People often create an estate plan before they die in order to plan for what will happen to their assets and belongings after their death. When people plan for their estate administration, they sometimes decide to appoint a power of attorney. A power of attorney is an individual who steps in to make decisions when the person who created the estate is unable to do so. This may happen if their mental or physical health deteriorates and they are no longer unable to communicate for themselves. In this case, their power of attorney may be responsible for decisions based on any wishes that were shared with them. They will act accordingly to follow any desires of the individual who appointed them to this role.
What is a Power of Attorney?
A power of attorney is an individual that can take part in the big decisions of your life if you are dying or incapable of making decisions for yourself. A legal document gives this individual the legal authority to act on your behalf. This means that you must choose a power of attorney that you are able to trust to act in your best interest. Many people choose a family member or a close loved one to handle the important job. It is crucial that the power of attorney keeps documentation of any wishes you have so that they know what decisions to make for you if necessary.
It is important to note that a power of attorney does not have unlimited power. You can limit their power and allow them to as much influence as you wish. With that being said, their decisions can have a great impact on your life. A power of attorney may be granted with the ability to make decisions regarding health emergencies, financial access, as well as other matters. How much control the individual has is dependent on what you give them. Because of this, each power of attorney may have different responsibilities depending on the case.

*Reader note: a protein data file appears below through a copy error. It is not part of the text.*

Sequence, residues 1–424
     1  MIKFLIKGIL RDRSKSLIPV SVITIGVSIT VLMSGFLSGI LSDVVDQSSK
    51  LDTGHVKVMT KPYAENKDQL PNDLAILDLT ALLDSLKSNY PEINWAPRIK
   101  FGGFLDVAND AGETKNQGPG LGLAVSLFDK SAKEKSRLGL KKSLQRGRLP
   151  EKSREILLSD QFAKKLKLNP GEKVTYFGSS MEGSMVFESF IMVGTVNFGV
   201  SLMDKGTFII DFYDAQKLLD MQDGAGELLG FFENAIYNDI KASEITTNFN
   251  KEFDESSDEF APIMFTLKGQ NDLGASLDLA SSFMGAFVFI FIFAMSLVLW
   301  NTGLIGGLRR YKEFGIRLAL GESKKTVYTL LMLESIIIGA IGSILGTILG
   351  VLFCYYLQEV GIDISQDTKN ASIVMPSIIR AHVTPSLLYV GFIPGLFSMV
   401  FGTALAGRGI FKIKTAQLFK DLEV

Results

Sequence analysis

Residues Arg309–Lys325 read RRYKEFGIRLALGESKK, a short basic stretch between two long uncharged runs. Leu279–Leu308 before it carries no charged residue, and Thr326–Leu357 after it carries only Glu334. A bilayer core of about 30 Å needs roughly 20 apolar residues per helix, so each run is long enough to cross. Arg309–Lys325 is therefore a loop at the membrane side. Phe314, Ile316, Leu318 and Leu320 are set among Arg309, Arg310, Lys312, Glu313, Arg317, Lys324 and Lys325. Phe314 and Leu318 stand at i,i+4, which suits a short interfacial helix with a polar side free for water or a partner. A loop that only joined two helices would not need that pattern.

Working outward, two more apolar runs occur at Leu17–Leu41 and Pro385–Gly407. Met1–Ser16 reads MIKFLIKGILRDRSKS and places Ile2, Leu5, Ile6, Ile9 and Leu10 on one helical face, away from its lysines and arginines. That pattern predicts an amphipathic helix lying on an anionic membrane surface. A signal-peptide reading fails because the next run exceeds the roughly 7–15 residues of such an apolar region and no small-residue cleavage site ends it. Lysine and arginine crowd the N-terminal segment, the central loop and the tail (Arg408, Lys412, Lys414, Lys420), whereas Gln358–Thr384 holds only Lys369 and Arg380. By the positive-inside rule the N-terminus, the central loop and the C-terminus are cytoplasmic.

Categories for Power of Attornies
There are different categories for a power of attorney that depend on the amount of power they are given. These categories can be broken up depending on what types of decisions they are required to make and what aspects of life they are responsible for. The different categories are as follows:
- General Power of Attorney: This allows the individual to conduct the same fiscal actions that you would do. This can require filing taxes, executing contracts, or borrowing money.
- Limited Power of Attorney: Just how it sounds, the individual has a more limited scope of power than that of a general power attorney. They are limited in the amount of power that you choose to let them have.
- Durable Power of Attorney: This allows the individual the authority to make decisions regarding your end of life care.
- Springing Power of Attorney: This individual may come into power after a triggering event happens. This may include a medical or physical disability.
Contact our Firm
If you have been assigned as a power of attorney and wish to consult a legal representative, contact The Lauterbach Law Firm today.
The Lauterbach Law Firm is proud to serve clients throughout Rockland County who are faced with legal matters related to estate planning, real estate, foreclosure defense, landlord-tenant law, business law, and criminal defense. If you require the services of an experienced team of attorneys, contact The Lauterbach Law Firm today to schedule a consultation.